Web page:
Read: 9 October, 2017
Recently retired, George is just starting to settle into his life’s new mode when he discovers an odd lesion on his hip. Though his doctor quickly dismisses it as ecsema, George is pretty sure that it must be cancer. And thus begins his spiral into depression as his family tries to cope while being utterly incapable of communicating with one another.
The writing style is casual, almost breathless, as each member of George’s family gives us direct access to their thoughts as they think them. It means that the narrative is always subjective, and sometimes even a little muddled as characters get drunk or high on valium or focus on details to the exclusion of the big picture. But having access to the perspective of all four members of the family balances out the narrative.
That said, Haddon has never met a metaphor he didn’t like. This was particularly noticeable at the beginning, before I had acclimated to the style. And, frankly, it bordered a little on the absurd at times.
The characters were strong, and it was interesting to see so much of them from both the inside and multiple versions of the outside. While the difference between the first and third person prespectives is a comedy gold mine, Haddon doesn’t take advantage. Characters remain fairly consistent regardless of observer, except where George’s mental illness is concerned (and then only because his inner thoughts are new, and therefore unfamiliar).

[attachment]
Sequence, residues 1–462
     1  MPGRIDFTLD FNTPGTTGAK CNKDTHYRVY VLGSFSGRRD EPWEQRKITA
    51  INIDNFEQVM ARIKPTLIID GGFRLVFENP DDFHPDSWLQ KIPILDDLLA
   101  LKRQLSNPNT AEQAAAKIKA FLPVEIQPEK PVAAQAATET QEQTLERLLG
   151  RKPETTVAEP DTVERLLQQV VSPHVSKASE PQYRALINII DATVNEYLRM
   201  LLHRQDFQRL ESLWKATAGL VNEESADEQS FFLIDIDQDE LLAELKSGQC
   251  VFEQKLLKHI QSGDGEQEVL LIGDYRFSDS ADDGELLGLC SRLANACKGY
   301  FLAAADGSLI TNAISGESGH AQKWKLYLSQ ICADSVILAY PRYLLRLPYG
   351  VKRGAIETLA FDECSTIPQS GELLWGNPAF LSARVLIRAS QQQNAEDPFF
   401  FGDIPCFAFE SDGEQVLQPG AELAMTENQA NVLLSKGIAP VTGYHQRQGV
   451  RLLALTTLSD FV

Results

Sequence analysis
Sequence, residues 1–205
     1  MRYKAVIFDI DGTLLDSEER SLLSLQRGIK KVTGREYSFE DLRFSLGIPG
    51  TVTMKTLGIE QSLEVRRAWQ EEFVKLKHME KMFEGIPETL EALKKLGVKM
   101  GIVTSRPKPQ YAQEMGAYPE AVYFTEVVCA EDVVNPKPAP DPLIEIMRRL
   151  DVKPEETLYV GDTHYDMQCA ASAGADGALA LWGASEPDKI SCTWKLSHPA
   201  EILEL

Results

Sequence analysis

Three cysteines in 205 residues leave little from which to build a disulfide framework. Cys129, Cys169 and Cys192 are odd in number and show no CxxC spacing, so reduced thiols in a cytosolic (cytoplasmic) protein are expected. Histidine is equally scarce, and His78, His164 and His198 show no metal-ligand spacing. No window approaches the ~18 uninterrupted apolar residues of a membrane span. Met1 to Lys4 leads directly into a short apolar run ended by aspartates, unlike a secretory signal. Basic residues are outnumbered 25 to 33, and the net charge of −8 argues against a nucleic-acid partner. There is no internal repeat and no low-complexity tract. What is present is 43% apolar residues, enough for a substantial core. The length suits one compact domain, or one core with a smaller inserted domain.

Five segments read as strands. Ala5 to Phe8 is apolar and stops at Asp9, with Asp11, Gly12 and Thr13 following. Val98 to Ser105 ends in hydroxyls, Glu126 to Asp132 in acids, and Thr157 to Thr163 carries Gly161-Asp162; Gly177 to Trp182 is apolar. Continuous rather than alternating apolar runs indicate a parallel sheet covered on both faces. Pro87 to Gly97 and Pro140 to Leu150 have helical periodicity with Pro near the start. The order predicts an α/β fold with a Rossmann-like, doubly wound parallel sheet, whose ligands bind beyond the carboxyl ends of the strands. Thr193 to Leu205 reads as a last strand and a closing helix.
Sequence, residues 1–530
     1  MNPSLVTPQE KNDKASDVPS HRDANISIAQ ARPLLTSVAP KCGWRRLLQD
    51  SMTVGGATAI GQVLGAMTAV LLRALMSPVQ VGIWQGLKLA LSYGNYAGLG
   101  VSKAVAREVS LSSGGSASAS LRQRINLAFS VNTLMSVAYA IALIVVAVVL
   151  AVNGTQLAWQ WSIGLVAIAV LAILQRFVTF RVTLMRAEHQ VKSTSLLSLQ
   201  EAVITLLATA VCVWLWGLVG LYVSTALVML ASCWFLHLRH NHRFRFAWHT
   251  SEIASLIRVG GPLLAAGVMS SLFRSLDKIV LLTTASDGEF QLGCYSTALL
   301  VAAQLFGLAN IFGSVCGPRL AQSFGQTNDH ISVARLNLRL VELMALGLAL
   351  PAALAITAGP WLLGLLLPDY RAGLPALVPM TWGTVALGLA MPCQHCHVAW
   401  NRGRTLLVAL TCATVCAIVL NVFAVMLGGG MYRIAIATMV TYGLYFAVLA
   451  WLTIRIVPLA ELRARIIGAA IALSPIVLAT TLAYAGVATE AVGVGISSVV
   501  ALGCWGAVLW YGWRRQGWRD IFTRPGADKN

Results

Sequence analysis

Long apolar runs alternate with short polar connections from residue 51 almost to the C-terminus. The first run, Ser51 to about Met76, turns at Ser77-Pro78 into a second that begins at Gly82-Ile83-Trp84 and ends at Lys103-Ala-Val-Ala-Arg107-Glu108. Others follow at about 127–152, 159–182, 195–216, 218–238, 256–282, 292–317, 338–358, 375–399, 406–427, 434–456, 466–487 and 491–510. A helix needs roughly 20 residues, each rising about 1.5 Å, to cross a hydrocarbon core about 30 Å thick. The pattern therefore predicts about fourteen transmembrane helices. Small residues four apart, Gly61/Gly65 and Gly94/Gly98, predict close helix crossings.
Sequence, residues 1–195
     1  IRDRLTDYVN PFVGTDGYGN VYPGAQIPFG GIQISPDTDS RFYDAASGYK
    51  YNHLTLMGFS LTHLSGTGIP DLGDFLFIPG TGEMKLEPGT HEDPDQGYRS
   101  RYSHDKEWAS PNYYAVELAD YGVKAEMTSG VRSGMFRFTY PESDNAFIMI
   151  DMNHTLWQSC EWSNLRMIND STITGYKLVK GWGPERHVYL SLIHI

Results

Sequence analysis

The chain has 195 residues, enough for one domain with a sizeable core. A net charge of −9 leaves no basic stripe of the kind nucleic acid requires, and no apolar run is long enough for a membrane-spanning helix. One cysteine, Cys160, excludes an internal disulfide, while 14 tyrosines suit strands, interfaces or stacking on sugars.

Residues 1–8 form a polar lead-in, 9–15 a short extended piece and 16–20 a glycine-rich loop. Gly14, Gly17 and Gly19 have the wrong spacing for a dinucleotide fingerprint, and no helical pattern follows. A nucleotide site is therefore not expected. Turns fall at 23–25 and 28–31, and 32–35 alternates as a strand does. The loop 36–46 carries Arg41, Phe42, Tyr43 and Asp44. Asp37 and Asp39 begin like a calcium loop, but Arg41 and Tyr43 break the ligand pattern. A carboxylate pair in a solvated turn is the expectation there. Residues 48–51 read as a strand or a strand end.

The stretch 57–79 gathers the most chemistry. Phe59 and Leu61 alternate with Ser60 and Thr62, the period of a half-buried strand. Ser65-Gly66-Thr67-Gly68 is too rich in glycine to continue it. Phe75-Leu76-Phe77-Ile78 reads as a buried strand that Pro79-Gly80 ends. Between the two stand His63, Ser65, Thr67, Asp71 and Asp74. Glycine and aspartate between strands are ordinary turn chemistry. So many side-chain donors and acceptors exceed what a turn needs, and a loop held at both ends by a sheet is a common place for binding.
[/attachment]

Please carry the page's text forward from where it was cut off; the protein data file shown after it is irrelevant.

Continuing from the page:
George’s illness hit a little close to home, making the first part of the book rather difficult to read. I’ve been ill quit a bit in the last 1-2 years, which has exacerbated my usual depression/anxiety combo. Having George’s thinking so neatly mirror my own put me into a sort of feedback loop that really wasn’t healthy. But while that was bad for me, it’s an endorsement of Haddon that he got it so right.
The “almost every problem would be solved if the characters would just talk to each other” trope is one that I usually find incredibly frustrating, but it didn’t bother me too much here. Perhaps because the characters understood the problem and were clearly trying to reach out to each other. But it did make the characters themselves unpleasant. They are all utterly self-centred and incapable of thinking of others. This is just annoying when they whine about being unable to relate to each other, but it’s sad when we see how it plays out in their treatment of Jacob – Katie’s toddler. It’s clear that his emotional needs are not being met, just as it’s obvious that Katie’s and Jamie’s weren’t met when they were children. So while the book largely ends on a high note, it’s also clear that nothing has truly been fixed, and that all the same issues will still be present in the next generation.
I’m honestly not too sure how I feel about the book. I’m always inclined to like what I read, and this book certainly had a lot to recommend it (the capturing of middle class britishisms, alone, gives the book a certain value), but I just didn’t enjoy reading it all that much. And maybe that has more to do with me than the book, and maybe I’m being unfair, but I just can’t recomend it. A book like this needs a lot more humour to give it some balance. Without it, it felt like we, like George, we’re just wallowing.
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